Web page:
When WW2 pushed the Brits out of Europe, Winston Churchill pushed for the formation of a unit of men capable of raiding the French coast to keep the Germans off balance.  These men became the British Commandos.  By the very nature of their work, the commandos needed silent weapons, and William DeLisle delivered one of the best, the DeLisle Carbine.

Euroarms Italia's DeLisle, it's for sale!

William DeLisle's first prototype was a .22 caliber autoloader that proved the principle, and was then applied to a hodgepodge weapon made from Enfield, Thompson and Colt parts.  The end result was impressive, indeed.  The carbine was built around DeLisle's suppressor design, and improvement on Hiram Maxim's suppressor.  An Enfield SMLE provided the basis of the gun, with the bolt modified to handle a subsonic version of the  .45 acp round, and a turned down 7 inch barrel from the Thompson machine gun was added.  The magazine well was modified with an adapter to take standard Colt auto 7 round magazines, and all this was buried in a 15 inch long suppressor with spiral shaped baffles that soaked up the sound.

17 prototypes were built at Ford's Dangenham Works and were tested against suppressed Sten's and came out far ahead.  His gun was much quieter, the main noise was the firing pin and the working of the bolt.  Both guns gave problems after 5000 rounds with clogged suppressors, however, Mr. DeLisle always contended that the guns needed to have the suppressor serviced after 500 rounds, and he was impressed his gun could achieve that many.  The prototypes were immediately dispatched to Europe for trials in commando raids, in which they were favorably received.  The gun went into production at the Sterling Works, also based in Dangenham.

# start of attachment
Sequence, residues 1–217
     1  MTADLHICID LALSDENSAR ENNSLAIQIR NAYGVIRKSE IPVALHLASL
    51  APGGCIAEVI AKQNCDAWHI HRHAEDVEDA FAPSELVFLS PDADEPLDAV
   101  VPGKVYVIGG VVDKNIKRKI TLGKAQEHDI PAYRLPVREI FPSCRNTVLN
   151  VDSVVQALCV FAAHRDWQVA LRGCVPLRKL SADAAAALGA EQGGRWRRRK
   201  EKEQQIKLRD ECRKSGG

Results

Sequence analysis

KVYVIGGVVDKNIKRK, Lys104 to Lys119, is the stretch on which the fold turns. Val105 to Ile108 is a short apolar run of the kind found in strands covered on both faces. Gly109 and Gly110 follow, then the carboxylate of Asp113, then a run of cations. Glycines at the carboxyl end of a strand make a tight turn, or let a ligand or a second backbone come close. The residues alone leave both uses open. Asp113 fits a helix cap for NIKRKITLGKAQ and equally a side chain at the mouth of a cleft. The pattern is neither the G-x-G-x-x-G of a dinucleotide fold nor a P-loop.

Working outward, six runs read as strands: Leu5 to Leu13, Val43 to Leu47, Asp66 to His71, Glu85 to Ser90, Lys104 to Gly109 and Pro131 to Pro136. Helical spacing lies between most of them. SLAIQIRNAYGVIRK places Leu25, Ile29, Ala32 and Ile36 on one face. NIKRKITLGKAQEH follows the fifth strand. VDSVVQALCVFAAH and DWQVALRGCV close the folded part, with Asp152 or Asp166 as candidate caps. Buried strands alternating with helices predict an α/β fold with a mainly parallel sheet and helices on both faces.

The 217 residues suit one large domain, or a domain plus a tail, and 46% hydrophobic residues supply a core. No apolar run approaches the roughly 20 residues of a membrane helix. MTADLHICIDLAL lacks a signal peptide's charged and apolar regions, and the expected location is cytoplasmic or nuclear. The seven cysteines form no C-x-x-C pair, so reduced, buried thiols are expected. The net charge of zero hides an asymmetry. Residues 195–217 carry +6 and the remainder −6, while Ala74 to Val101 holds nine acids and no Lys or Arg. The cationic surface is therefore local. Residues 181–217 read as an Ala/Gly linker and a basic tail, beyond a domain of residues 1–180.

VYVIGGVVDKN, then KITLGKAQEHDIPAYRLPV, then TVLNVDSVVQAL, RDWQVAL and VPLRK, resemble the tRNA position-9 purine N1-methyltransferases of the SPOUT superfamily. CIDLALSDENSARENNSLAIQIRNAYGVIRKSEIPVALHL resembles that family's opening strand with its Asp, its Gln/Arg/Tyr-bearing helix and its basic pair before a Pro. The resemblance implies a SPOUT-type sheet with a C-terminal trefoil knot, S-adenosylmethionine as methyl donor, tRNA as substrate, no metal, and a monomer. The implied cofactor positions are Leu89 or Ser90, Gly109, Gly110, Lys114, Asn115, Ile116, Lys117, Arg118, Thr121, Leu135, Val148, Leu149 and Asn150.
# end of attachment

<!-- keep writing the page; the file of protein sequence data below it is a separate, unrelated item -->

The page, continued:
Special Interest Arms DeLisle Carbine

In 1943 the need for the DeLisle Carbine vanished, as the Commando was re-organized.  No more cross channel raids, as this was seen as strengthening the German defenses at a time when a major invasion was being planned.  Commando operations in Europe after D-Day were conventional warfare.  Only 130 DeLisle Carbines had been delivered before production had been stopped.  According to Ian Skennerton some carbines had made it into Burma, and found useful in jungle warfare.   Some were used by British Forces in the Korean War, and others were issued to British nationals during a guerrilla uprising in Malaysia.  The Brits got a lot of mileage out of 130 guns, and probably still do as it was rumored to have been used during the Falklands War.

Picture of British Commandos at work

Many more guns than that have most likely been made by machine shops since.  Special Interest Arms make a version and others with fake suppressors have been made.  It is always a draw to the do-it-yourself crowd, as forum posts indicate.  You can even get a resin made copy to just hang on the wall.

Picture of DeLisle patent drawing

The following video is from kaboom63021's channel.


Death Delivering DeLisle on Scribd

Solid resin guns at Oz Gunworks and Militaria

The DeLisle Carbine on Rifleman.org

Repro DeLisle's on Valkyrie Arms